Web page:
Thing theorist Bill Brown writes that “the thing names less an object than a particular subject-object relation.” This article examines the subject-object relation between African things and African bodies in Nigerian author Chimamanda Ngozi Adichie's first novel, Purple Hibiscus. While the main character, Kambili, eventually learns to assimilate Western Catholicism into her Nigerian reality, her Christian fundamentalist father, Eugene, uses Catholicism to justify his self-hating destruction of African things and bodies. This article argues that both reactions are rooted in the characters' ability or inability to see African material things, including both objects and bodies, as autonomous subjects. Adichie's novel demonstrates that religious syncretism centered in an ethics of things is a viable, fruitful reaction to the colonizers' religion, and that religious practice can be healthily enacted through the medium of things and bodies.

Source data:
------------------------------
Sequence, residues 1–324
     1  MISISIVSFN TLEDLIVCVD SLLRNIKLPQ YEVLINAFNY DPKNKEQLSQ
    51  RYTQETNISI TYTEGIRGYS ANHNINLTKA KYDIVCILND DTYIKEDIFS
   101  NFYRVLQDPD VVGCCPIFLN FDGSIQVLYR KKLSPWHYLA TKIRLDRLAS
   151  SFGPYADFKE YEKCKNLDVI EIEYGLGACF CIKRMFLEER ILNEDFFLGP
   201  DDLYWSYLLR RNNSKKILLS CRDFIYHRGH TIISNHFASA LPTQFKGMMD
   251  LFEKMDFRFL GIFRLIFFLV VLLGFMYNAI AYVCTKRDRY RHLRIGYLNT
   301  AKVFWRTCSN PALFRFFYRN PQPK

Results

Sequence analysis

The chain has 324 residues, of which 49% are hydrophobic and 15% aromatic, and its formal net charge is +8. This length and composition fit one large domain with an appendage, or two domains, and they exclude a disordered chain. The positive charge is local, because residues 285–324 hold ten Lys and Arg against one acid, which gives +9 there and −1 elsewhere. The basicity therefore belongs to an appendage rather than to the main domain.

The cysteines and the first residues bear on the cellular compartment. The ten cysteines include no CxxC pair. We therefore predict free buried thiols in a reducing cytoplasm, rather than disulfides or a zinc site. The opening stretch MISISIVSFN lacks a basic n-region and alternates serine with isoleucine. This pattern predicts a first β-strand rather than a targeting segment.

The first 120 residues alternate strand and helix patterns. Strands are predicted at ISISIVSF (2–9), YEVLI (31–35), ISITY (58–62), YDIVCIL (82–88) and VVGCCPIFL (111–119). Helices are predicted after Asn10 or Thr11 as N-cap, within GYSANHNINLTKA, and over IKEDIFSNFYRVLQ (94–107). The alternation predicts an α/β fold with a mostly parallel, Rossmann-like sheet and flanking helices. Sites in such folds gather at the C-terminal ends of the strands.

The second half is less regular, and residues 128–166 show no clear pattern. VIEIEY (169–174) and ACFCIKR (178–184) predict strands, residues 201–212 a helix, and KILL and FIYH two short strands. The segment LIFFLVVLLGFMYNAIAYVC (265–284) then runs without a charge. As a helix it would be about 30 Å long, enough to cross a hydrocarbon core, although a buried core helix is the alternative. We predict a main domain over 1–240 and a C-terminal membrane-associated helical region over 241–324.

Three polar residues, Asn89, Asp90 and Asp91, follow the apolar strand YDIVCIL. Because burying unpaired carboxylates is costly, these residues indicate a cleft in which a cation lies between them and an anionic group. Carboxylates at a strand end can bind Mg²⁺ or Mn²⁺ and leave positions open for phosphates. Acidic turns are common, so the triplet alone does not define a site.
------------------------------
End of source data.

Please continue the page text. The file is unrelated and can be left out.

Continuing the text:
College and Department
BYU ScholarsArchive Citation
McQuarrie, Kylie, "Sacred Things, Sacred Bodies: The Ethics of Materiality and Female Spirituality in Purple Hibiscus" (2015). All Theses and Dissertations. 4409.
Chimamanda Ngozi Adichie, Purple Hibiscus, Thing Theory, New Materialism, Postcolonial Literature